Maxims & Wise Counsel
Nád-bí caínfoltach ní-bí caínfuillmech.
(that-not-is * well-wealthy * is-not-usually * well-profited)
Whoever is not wealthy is not likely to profit.
This maxim appears in Ancient Laws of Ireland, v. 112.7. While in a broad sense it might be restated as "it takes money to make money", it probably had a more narrow application in early Ireland. A gloss on it says "In ti ag na bi tochus taitnemach ni bi eneclann taitnemach do" (Whoever does not have a lot of property does not have much of an honour price). Or more crudely, "if you don't have much, you don't amount to much."
The original, non-normalized spelling is "Nadbi caínfoltach nibi caínfuillmech."
Con·éitet nád fúacair.
(goes-along * that not * discloses)
Whoever does not denounce accepts.
This is pretty much the Old Irish equivalent of the Latin "Qui tacet consentit" (He who is silent consents), which is a short form of the formula "Qui tacet consentire videtur, ubi loqui debuit ac potuit" (He who is silent, when he should have spoken and was able to, is understood to agree.)
The Irish formula is found in Apgitir Crábaid, as edited by Kuno Meyer in ZCP, vol. 3. I have normalized the spelling. The original spelling is "Conetet nāt fūacair".
Nárab cumthach duit ainfhial.
(let-not-be * companion * to-you * ungenerous-one)
Do not make a friend of an ungenerous person.
This bit is found in the eleventh of twelve stanzas in Acallam na Senórach, in which Finn imparts good advice to Mac Lugach. The whole stanza reads:
Nársad diultadach um biad
nárab cumthach duit ainfhial,
nárad furáil féin ar flaith
na h-écnaiged gach n-ard-flaith.
Is do Mhícheál Ó Cathasaigh, nach bhfuil sásta a chuid M&M's a roinnt le héinne eile, a thiomnaím an iontráil seo. :-)
Ní saithi cen aipgitri.
(is-not * sages * without * alphabets)
There are no sages without alphabets.
Auraicept na nÉces, 387.
Mairg faemas a anfine.
Mairg móras a mogduine.
(woe betide * (who) accepts * his * outsiders)
(woe betide * (who) exhalts * his * vassal)
Woe to him who welcomes outsiders.
Woe to him who raises the status of his serf.
This harsh prescription is found at LL 48a17 in a thoroughly pessimistic doomsaying poem.
Nárbat soithiuch senáruscc.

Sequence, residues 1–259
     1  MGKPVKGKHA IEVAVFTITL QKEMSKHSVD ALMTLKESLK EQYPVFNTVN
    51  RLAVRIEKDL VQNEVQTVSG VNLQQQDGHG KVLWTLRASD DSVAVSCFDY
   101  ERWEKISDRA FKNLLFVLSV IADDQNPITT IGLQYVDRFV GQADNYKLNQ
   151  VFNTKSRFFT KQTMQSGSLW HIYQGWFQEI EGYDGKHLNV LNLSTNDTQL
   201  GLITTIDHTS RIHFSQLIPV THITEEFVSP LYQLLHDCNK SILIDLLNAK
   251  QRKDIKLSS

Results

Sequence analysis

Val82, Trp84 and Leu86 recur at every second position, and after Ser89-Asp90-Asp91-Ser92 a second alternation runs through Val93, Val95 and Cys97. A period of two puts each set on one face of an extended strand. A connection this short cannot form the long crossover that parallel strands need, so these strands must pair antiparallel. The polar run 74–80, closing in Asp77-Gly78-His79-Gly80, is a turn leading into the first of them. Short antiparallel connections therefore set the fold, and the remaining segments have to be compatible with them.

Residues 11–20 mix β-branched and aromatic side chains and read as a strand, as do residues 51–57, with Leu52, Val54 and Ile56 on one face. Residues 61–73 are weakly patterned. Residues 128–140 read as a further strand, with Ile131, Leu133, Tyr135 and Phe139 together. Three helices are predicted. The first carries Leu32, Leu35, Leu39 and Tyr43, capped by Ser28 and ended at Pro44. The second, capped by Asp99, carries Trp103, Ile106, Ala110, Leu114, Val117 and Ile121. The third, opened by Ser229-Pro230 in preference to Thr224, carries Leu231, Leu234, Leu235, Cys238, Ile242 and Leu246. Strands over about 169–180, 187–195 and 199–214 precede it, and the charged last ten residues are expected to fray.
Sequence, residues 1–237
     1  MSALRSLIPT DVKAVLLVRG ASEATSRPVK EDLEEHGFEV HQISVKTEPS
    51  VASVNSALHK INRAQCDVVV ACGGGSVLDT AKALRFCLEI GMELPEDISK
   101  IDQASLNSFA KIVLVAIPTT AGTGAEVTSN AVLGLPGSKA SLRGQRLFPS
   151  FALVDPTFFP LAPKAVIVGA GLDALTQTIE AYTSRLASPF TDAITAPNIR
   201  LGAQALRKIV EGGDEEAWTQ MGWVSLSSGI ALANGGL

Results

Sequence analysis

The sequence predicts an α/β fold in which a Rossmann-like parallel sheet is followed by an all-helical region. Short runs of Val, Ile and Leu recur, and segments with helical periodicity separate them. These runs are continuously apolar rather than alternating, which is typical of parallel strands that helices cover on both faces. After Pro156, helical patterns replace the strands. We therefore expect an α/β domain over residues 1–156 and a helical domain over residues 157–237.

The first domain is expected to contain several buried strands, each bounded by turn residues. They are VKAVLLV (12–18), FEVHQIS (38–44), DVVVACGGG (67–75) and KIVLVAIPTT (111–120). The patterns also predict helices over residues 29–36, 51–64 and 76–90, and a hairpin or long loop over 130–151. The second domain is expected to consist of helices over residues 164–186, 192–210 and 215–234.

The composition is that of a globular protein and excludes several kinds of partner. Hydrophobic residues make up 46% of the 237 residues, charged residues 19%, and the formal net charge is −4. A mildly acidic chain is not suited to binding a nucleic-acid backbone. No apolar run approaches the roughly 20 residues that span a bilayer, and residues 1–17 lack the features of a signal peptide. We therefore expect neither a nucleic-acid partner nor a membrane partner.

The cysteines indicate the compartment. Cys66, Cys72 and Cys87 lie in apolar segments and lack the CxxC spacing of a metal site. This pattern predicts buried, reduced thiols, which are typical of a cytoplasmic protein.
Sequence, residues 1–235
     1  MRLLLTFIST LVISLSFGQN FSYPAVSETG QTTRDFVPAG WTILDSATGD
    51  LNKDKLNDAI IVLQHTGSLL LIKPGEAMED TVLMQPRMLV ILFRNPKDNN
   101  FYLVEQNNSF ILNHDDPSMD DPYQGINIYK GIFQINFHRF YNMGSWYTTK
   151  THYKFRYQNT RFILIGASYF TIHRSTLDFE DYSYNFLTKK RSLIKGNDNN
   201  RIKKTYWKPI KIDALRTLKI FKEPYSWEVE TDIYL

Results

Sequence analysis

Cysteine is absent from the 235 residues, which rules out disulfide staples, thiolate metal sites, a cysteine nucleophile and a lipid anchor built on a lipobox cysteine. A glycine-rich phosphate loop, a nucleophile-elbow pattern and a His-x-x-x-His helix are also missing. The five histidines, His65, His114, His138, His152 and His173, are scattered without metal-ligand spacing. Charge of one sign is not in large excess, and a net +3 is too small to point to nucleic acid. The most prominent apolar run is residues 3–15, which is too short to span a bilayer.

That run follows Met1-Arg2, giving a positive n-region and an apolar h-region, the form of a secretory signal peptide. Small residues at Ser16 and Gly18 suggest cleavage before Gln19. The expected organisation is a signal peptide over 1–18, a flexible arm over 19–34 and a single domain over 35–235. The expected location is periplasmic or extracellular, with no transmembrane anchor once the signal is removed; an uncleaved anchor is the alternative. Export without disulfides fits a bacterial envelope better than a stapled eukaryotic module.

(be-not • vessel • of old-maxims)
Don't be a bowl of old saws!
This piece of advice comes from a poem about how to be a poet in the Book of Rights, which Kuno Meyer edited in ZCP iv, 238.
An tan is caeine an cluiti is and dlegur a discur.
(the * time * is * more beautiful * the * game * is * then * it is proper * its * ceasing)
The best time to give up the game is when it's at its best.
This maxim is found in “Lorgaireacht an tSoidhigh Naomhtha”, the 15th century Irish version of “La Queste del Saint Graal” (The Quest for the Holy Grail). A more standard spelling of the sentence would be “An tan is caoine an cluiche is and dlegar a díscor.” “Quit when you're ahead” may come close to it in today's English. In Modern Irish I'd say “Nuair is fearr an cluiche, is ansan ba chóir éirí as.”
Nípa deoladacht acht bid fiach.
(will-not-be * favour * but * will-be * debt)
There are no favours without debts.
This is found in the Würzburg Glosses (ca. 750 AD), where it glosses “non secundum gratiam sed secundum debitum”. A modern take on this might be “there are no free lunches.”
Is doescair cach can etach n-imbe.
(is * common * everyone * without * clothing * around-him)
No one is noble in the nude.
In other words, "clothes make the man." This proverb is quoted in item #462 in O'Mulconry's Glossary. See also "Eochair úaisle étach" in this collection.
Ad·fenar fó fíu.
Ad·fenar olcc anmoínib.
Ad·fenar maith moínib.
(is repayed * good * (by) worthiness
is repayed * evil * (by) un-treasures
is repayed * goodness * (by) treasures)
Value repays virtue.
Waste repays wickedness.
Gain repays goodness.
This triad of maxims is found in the Laws (Cethairshlicht Athgabálae) at CIH ii 408.13f.